How to Pick an International Process Service Method

If you are planning on filing suit on an international matter, understand that proper service of process is critical to your case. If you are not sure which international process service method is right, there are certain factors to consider when determining the best method. Below is some basic information on international process service methods and how to choose the best one for your case.

Factors to Consider

First, consider whether the service of process needs to be done personally or if the defendant is a corporation headquartered in another country.

If an individual need not be personally served, then there is a possibility that service can be effectuated on another appropriate person within the country. For example, if the subject to be served is away from his or her residence for weeks at a time at a location abroad, then you may be able to effectuate valid service on another member of the household.

Second, consider if the possibility of needing to enforce a judgment.

Whether or not judgment needs to be enforced really matters when it is time to actually collect an award. If collecting judgment is not necessary, process of service via an agent may be feasible. This is because this type of service is faster and less expensive than international service by way of letters rogatory or through the Hague Convention. If enforcing judgment is necessary, however, a court may not consider service via a service agent valid. Not surprisingly, doing so can cause significant issues with the case. This is particularly true because letters rogatory and the Hague Convention take a significantly longer amount of time.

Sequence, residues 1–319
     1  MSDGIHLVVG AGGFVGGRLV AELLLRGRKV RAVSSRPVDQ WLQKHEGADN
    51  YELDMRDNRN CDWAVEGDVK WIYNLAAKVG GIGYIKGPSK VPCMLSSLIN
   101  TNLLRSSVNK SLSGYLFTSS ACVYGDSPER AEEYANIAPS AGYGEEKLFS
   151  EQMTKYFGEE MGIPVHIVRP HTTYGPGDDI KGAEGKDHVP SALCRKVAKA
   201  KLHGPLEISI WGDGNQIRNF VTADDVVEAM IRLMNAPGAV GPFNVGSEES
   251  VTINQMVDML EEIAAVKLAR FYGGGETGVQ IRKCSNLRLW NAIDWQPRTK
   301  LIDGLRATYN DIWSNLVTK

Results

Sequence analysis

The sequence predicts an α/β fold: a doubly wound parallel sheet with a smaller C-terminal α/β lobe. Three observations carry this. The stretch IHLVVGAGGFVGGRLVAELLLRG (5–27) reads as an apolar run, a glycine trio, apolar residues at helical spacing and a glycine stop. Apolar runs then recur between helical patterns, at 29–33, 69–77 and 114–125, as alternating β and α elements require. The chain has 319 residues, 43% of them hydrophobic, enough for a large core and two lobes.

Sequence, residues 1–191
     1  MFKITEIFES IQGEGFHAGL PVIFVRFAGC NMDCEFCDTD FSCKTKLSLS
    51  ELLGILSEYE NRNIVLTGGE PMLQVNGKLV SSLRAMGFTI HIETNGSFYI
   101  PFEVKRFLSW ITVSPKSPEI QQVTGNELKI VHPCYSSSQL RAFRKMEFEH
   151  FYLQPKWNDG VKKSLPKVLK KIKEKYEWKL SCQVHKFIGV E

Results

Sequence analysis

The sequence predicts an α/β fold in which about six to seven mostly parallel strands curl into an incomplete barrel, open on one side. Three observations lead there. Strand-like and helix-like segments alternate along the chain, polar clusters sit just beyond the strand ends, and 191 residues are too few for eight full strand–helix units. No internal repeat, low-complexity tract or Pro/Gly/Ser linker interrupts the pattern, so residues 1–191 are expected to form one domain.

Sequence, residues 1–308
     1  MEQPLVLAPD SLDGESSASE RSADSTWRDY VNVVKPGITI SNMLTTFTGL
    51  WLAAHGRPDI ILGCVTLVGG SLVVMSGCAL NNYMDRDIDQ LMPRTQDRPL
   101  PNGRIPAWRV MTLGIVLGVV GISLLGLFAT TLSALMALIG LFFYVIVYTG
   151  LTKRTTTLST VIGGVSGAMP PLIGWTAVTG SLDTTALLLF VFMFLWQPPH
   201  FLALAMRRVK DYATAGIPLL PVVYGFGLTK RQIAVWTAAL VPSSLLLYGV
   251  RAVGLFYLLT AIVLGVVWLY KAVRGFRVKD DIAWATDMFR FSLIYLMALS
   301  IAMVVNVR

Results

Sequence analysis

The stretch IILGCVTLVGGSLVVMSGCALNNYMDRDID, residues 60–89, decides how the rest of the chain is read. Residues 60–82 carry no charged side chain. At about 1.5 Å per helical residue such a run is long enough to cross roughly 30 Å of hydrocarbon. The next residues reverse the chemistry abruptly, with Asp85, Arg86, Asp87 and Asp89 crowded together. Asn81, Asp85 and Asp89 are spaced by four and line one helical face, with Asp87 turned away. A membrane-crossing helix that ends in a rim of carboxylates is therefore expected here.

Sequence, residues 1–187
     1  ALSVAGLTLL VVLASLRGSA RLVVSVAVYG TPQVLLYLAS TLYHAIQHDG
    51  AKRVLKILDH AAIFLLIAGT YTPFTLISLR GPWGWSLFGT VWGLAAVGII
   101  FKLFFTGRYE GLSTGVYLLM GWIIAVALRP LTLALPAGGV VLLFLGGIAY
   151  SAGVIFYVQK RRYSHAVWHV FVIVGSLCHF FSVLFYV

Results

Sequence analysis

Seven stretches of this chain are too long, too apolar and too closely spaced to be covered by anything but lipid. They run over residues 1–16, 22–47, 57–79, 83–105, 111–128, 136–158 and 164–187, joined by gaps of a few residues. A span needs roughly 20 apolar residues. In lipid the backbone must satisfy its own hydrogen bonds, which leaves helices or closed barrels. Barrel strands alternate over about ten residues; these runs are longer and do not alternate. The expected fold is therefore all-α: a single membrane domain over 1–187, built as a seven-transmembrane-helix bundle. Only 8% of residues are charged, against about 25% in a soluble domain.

Third, consider whether or not the country where service needs to be effectuated is a signatory to the Hague Convention section pertaining to service.

Known as the Service Abroad of Judicial and Extrajudicial Documents (SAJED), this section of the Hague Convention addresses service of process. Whether or not the country is a signatory to the SAJED will directly determine whether or not service can be pursued through those methods. Of note, not all countries who have signed onto the Hague Convention are signatories to the SAJED. Failure to confirm prior to pursuing service of process can result in wasting valuable time preparing documents as well as money serving through the Hague.

International Service of Process Help

If you are still unsure of which service method is right for your particular case, contact Ancillary Legal today.